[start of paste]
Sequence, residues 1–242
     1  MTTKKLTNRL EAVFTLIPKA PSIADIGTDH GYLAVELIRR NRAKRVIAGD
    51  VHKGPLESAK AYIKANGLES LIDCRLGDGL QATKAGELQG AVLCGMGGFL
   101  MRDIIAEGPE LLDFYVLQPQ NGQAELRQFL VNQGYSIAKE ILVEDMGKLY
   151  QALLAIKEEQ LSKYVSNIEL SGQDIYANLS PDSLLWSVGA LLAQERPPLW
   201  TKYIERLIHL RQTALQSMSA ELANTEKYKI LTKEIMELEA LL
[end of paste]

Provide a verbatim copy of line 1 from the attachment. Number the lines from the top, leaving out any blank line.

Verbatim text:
Sequence, residues 1–242